16. Baltimore Ravens: Corey Davis (WR), Western Michigan

The Ravens have talent at the wide receiver position, but they're lacking a true top-flight No. 1 wideout. Davis' physical style of play has drawn comparisons to Brandon Marshall, and he should be able to contribute right away after starting all four years at Western Michigan.

17. Washington Redskins: Haason Reddick (LB), Temple

On the surface, Reddick looks like an inside linebacker at just 6-foot-1, but the former Temple star created havoc in the backfield with 17.5 sacks and 47 tackles for a loss during his college career. The Redskins defense could use a linebacker such as Reddick's who could play all over the field.

18. Tennessee Titans: John Ross (WR) Washington

The Titans have failed at bringing in a No. 1 wide receiver thus far in the offseason, and while Ross isn't your prototypical No. 1, he's a big-play talent who is capable of scoring anytime he touches the ball. Ross would thrive in the Titans offense with quarterback Marcus Mariota slinging the rock.

19. Tampa Bay Buccaneers: Dalvin Cook (RB), Florida State

The Buccaneers have a pressing need at running back and Cook's explosiveness and familiarity with quarterback Jameis Winston (the duo played together at Florida State in 2014), make this a made made in heaven.

20. Denver Broncos: Garett Bolles (OT), Utah

It's no secret the Broncos need help at offensive tackle, and Bolles is arguably the most talented lineman in the 2017 NFL Draft.

21. Detroit Lions: Takkarist McKinley (EDGE) UCLA

After an injury-plagued season season from Ezekiel Ansah, the Lions are seeking help on the edge. If not for a shoulder surgery following the Combine, McKinley would likely be a Top 15 selection.

22. Miami Dolphins: David Njoku (TE), Miami

The Dolphins traded for Julius Thomas earlier this offseason, but no team should count on a player who hasn't played more than 12 games in a season since 2014. Njoku has the talent to become one of the league's top tight ends very early in his career.

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23. New York Giants: Ryan Ramczyk (OL), Wisconsin

It would be a shock to see the Giants go any route other than offensive line when their first pick rolls around in late April. Ramczyk could play on either the right or left side, and would provide stability in front of quarterback Eli Manning.

24. Oakland Raiders: Malik McDowell (DL), Michigan State

The Raiders need to address their defensive line with either a Day 1 or 2 pick and McDowell, when motivated, has the talent to dominate for 60 minutes.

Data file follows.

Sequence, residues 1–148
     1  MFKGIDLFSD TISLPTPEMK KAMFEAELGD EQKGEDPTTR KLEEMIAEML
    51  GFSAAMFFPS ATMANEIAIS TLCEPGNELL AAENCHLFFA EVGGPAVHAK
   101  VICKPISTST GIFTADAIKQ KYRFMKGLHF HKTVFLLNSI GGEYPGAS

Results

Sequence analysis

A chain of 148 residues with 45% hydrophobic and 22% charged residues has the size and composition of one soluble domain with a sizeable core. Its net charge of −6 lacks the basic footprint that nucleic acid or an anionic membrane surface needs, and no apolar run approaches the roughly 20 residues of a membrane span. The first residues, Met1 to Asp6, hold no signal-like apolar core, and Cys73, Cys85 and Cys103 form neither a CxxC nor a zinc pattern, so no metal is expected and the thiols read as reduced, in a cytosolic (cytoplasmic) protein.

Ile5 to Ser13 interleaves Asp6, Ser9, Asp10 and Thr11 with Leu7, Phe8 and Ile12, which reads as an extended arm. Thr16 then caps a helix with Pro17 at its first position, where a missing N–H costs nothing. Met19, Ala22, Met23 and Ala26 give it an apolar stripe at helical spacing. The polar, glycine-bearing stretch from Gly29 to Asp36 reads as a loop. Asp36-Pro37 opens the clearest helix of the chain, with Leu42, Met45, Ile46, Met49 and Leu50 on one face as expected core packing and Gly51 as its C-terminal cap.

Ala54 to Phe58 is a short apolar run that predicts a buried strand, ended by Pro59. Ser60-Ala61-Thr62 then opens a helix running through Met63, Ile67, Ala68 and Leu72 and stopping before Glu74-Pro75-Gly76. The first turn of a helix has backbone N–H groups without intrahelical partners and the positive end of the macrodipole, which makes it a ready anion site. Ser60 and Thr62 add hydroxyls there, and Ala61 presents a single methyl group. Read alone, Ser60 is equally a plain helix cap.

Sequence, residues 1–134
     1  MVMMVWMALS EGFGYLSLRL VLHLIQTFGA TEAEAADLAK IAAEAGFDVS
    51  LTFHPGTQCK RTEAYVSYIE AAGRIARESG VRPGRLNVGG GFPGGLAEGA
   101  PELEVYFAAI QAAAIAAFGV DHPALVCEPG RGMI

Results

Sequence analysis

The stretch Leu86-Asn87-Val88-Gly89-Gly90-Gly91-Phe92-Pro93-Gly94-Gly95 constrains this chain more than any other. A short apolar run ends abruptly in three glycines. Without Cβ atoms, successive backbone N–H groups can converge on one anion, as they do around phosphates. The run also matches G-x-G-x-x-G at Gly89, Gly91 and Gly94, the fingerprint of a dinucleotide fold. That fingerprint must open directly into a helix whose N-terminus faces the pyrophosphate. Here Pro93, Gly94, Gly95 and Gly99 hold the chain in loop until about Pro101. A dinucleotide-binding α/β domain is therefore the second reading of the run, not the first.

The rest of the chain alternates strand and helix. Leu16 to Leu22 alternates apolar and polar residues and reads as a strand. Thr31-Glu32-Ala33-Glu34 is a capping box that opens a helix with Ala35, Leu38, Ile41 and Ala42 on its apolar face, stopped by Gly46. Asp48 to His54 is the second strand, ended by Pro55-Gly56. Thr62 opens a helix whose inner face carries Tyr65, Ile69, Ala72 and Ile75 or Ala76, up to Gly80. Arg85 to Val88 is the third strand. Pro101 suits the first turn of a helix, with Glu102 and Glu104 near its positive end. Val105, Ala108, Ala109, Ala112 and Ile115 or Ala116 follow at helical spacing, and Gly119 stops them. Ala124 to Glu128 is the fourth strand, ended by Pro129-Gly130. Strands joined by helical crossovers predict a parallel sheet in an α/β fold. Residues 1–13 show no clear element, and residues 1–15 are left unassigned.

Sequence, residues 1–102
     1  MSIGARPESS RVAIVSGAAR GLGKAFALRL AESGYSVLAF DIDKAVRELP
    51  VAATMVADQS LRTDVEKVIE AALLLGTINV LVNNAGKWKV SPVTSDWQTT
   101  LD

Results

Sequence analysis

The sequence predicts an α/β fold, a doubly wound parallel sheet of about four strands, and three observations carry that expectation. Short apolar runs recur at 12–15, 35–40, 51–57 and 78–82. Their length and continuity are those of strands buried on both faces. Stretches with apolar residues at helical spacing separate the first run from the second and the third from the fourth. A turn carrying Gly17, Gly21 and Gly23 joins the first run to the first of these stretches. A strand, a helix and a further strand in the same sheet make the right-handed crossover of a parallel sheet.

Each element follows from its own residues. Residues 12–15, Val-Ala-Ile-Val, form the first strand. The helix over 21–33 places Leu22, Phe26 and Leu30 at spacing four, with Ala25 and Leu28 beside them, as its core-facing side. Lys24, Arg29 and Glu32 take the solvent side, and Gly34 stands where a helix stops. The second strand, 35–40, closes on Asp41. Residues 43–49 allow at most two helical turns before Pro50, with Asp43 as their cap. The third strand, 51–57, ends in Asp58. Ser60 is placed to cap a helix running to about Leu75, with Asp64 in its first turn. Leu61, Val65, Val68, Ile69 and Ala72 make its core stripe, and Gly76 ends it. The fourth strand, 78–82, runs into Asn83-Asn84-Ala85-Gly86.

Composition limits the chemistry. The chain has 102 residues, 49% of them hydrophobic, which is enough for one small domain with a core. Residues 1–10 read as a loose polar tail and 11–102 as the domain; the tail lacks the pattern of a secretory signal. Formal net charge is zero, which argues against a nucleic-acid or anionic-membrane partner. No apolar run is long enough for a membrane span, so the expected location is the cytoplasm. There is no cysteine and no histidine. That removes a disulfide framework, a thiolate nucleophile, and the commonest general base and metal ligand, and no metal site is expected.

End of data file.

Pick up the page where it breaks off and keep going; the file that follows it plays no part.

25. Houston Texans: Patrick Mahomes (QB), Texas Tech

I'll be shocked if the Texans go into the season with just Tom Savage and Brandon Weeden in their quarterback cupboard. After whiffing on Brock Osweiler last offseason, Houston needs to find an answer at the position. While he's raw, Mahomes possesses the strongest arm in the current draft class. If head coach Bill O'Brien can get back to his quarterback whispering ways, Mahomes would be an ideal fit for the Texans.

26. Seattle Seahawks: Quincy Wilson (CB), Florida

The Legion of Boom has turned into more like the Legion of Swoon as of late. The Seahawks need to find another shutdown corner, and Wilson's length and physicality fit the mold of the type of corner Pete Carroll likes in his secondary. 

27. Kansas City Chiefs: DeShone Kizer (QB), Notre Dame

Chiefs head coach Andy Reid needs to look to the future with starting quarterback Alex Smith turning 33 later this spring. Kizer has the look of a prototypical quarterback and possesses the physical tools to succeed at the next level. The Chiefs would be a perfect landing spot for Kizer who would be best suited to sit for a year behind Smith.

28. Dallas Cowboys: Tre'davious White (CB), LSU

It would behoove the Cowboys to address their leaky secondary with an early pick in this year's draft. White has the athleticism and instincts to turn into a No. 1 corner over time, and should be able to contribute in the slot during his rookie season.

29. Green Bay Packers: Christian McCaffrey (RB), Stanford

Just what Aaron Rodgers needs: another dangerous weapon who can line up in the backfield or in the slot and become a matchup nightmare for opposing defenses. McCaffery is dynamite in the open field and brings the type of versatility that Packers GM Ted Thompson craves.

30. Pittsburgh Steelers: Charles Harris (EDGE), Missouri

The Steelers had the second-lowest sack total (21) in the NFL last season and their best pass rusher will be turning 39 in May. Harris could contribute early in his career as a situational pass rush specialist and would be a nice addition to 2015 first-round pick Bud Dupree.

31. Atlanta Falcons: Forrest Lamp (OG), Western Kentucky

Lamp, a four-year starter at left tackle, is projected as a guard at the next level. Lamp could start in place of Chris Chester, giving the Falcons a lethal offensive line for their already-dangerous ground attack.

32. New Orleans Saints: Marlon Humphrey (CB), Alabama